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Beer bottles will soon include calorie counts

No longer is ignorance bliss. The Beer Institute is setting new labeling standards and has asked beer companies to disclose “calorie, carbohydrate, protein, fat and alcohol by volume information” along with freshness dates and lists of ingredients on labels, boxes, and accompanying websites. Surprisingly, companies comprising more than 81% of all beer volume sold in the … Continue reading “Beer bottles will soon include calorie counts”

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No longer is ignorance bliss. The Beer Institute is setting new labeling standards and has asked beer companies to disclose “calorie, carbohydrate, protein, fat and alcohol by volume information” along with freshness dates and lists of ingredients on labels, boxes, and accompanying websites. Surprisingly, companies comprising more than 81% of all beer volume sold in the U.S. have agreed to comply with the new standards, including:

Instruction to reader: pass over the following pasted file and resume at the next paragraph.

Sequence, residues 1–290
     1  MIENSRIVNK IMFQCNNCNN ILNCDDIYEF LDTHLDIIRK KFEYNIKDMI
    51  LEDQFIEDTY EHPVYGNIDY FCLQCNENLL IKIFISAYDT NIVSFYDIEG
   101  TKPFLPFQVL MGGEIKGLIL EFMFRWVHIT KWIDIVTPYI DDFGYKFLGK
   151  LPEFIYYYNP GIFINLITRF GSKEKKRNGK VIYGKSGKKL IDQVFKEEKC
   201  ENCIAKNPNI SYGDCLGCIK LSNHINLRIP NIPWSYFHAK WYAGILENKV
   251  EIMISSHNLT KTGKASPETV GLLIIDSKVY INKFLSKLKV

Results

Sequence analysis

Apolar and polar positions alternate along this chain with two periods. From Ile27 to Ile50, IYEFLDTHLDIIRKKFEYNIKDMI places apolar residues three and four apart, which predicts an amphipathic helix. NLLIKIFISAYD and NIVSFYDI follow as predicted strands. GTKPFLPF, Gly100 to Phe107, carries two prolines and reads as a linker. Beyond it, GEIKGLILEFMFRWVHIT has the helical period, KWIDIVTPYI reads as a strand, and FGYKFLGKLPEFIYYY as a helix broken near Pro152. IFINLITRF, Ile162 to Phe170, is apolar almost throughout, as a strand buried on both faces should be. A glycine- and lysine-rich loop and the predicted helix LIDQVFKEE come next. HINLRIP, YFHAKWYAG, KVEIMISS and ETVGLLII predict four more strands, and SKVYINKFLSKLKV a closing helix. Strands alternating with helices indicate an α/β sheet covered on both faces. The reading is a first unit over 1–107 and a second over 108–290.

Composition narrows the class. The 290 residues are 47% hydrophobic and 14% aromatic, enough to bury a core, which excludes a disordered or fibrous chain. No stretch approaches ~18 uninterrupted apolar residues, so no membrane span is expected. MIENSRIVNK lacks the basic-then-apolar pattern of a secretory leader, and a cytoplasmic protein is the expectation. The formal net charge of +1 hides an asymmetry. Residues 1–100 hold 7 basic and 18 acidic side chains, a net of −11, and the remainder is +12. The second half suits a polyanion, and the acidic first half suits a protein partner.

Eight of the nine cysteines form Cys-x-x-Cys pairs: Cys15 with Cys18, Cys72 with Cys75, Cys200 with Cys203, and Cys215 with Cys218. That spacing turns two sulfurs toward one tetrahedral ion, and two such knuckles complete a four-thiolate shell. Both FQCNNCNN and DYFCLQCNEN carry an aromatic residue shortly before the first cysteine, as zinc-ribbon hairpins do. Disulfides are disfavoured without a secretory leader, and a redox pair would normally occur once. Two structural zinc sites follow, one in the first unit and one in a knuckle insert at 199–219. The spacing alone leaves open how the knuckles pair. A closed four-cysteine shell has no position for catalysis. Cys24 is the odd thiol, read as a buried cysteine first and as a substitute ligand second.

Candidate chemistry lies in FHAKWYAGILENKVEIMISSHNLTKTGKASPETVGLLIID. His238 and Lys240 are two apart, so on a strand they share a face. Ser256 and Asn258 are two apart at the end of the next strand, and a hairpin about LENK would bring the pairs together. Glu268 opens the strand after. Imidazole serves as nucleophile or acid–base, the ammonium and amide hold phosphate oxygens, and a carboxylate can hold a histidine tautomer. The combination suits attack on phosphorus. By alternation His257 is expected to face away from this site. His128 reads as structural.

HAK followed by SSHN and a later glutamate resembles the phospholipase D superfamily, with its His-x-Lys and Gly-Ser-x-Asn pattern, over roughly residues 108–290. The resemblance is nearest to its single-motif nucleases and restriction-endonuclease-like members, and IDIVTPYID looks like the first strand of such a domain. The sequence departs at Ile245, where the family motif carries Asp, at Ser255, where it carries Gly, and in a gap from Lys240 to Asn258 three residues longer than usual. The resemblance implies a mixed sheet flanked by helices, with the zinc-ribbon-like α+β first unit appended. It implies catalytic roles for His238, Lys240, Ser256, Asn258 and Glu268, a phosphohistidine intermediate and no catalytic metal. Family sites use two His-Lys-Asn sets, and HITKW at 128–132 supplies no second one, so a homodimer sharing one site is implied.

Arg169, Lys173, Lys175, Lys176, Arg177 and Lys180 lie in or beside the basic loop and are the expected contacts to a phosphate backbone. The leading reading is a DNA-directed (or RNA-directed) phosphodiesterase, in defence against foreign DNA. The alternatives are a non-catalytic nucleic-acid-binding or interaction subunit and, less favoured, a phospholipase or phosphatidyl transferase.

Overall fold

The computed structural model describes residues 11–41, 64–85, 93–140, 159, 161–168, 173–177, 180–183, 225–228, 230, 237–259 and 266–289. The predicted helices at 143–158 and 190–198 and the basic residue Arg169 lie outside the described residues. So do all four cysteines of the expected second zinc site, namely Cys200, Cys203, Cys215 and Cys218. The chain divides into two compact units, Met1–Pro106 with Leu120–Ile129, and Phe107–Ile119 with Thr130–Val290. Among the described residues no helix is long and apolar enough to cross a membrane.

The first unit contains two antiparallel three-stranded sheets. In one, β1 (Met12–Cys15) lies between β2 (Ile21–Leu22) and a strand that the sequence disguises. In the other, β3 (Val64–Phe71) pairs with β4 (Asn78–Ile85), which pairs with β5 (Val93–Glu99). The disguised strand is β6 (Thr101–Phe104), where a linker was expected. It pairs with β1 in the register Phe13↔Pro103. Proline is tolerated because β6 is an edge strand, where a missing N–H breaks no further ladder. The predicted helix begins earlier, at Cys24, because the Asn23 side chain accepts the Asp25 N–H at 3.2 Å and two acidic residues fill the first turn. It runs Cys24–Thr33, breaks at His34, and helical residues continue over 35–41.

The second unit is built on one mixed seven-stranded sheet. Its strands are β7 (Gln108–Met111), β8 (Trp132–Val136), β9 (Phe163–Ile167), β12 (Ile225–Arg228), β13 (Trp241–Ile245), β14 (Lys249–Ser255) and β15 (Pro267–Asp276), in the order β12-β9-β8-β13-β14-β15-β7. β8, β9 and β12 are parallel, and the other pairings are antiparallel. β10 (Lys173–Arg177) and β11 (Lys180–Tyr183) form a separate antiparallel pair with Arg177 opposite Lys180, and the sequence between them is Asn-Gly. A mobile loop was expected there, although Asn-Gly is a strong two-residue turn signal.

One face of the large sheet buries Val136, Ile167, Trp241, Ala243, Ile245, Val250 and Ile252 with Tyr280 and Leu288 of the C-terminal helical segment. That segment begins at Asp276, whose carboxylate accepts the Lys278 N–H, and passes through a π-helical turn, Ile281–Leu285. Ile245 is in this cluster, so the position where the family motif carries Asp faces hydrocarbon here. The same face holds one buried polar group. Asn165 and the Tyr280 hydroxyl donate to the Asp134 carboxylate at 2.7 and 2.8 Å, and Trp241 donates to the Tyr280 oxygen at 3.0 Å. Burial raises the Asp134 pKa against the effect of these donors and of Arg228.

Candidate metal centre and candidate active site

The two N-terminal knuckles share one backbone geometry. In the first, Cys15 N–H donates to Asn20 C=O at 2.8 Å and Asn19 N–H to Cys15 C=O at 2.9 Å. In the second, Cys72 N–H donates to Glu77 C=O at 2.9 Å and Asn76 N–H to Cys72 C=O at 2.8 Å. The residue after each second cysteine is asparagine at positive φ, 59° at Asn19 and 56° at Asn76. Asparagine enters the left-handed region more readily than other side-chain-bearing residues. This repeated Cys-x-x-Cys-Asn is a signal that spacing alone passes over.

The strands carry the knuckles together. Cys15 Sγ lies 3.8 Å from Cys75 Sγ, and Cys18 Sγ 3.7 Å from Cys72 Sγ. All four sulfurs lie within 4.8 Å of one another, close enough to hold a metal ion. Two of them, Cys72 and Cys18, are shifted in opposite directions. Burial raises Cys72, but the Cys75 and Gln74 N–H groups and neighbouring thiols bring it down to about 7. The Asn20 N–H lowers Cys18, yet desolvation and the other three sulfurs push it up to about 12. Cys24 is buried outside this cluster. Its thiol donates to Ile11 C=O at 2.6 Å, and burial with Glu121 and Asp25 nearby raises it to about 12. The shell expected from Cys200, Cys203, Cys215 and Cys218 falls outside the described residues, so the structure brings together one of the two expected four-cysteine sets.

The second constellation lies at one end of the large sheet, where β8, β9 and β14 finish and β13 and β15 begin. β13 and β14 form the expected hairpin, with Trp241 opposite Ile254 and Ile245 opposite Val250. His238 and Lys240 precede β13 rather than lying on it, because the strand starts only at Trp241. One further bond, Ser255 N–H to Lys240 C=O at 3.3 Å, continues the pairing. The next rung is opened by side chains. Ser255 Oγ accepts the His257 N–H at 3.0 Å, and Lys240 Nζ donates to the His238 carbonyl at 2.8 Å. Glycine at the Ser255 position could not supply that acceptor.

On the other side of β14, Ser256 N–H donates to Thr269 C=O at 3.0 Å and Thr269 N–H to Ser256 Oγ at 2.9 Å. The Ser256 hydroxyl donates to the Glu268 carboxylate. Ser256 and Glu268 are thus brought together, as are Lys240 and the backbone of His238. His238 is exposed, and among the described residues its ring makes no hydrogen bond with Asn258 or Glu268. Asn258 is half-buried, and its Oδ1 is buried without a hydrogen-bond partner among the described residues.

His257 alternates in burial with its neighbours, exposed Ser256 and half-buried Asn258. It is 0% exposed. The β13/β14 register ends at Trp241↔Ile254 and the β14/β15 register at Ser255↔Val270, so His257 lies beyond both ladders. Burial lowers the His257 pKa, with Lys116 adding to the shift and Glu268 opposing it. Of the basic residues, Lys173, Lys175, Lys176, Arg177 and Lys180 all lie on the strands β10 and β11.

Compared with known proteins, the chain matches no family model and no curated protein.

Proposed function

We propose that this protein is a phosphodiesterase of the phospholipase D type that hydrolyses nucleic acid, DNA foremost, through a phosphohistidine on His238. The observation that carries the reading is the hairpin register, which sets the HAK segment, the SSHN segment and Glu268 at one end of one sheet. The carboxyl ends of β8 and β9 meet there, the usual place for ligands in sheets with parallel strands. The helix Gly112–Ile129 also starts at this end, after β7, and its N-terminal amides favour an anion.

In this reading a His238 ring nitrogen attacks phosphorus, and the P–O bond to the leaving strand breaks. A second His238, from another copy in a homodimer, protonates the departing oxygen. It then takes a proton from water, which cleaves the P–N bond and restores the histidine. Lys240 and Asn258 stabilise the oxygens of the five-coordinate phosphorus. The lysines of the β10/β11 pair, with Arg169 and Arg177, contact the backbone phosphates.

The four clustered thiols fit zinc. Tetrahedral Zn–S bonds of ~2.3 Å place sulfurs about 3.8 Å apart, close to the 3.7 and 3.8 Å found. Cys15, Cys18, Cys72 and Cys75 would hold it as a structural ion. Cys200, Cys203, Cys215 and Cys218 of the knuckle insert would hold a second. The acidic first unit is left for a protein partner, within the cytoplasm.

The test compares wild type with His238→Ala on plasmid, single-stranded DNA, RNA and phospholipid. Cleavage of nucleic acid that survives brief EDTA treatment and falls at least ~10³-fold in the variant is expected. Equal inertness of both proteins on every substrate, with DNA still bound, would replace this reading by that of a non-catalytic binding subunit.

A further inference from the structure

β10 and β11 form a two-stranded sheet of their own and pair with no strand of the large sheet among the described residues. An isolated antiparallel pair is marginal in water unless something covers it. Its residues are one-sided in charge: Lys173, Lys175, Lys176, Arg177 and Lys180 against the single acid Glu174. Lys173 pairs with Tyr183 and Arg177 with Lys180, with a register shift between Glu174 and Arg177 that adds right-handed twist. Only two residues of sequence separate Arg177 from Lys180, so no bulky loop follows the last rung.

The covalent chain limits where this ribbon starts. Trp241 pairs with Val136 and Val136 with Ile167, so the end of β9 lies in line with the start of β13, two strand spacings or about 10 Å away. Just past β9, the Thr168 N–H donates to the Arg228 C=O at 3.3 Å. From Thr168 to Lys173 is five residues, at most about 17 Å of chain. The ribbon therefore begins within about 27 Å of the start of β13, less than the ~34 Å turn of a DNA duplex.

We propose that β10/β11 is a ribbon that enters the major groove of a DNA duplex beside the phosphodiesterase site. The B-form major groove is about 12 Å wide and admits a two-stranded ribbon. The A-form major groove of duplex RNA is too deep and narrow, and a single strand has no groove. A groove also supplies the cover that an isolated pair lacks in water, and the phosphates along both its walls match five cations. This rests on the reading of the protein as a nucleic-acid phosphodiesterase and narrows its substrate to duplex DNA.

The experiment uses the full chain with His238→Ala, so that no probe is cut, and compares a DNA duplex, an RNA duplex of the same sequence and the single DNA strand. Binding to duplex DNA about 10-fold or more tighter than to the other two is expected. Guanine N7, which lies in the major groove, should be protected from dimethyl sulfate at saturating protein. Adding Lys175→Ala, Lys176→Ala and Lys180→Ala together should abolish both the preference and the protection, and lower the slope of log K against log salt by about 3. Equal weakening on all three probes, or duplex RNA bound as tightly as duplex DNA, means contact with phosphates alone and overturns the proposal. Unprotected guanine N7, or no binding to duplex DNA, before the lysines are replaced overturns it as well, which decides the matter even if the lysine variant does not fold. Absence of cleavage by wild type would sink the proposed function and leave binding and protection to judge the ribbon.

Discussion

• Anheuser-Busch

• MillerCoors

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• HeinekenUSA

• Constellation Brands Beer Division

• North American Breweries 

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• Craft Brew Alliance

The new labeling will roll out slowly between now and 2020. As NPR points out, this information may prove a shock to consumers. Heavy beers like stouts can claim 200 or even 300 calories per serving. Drink two beers and you’ve had a whole meal worth of calories—so enjoy the knowledge poverty while it lasts. 

[Photo: Flickr user Arturo Pardavila III]

About the author

Ruth Reader is a writer for Fast Company. She covers the intersection of health and technology.

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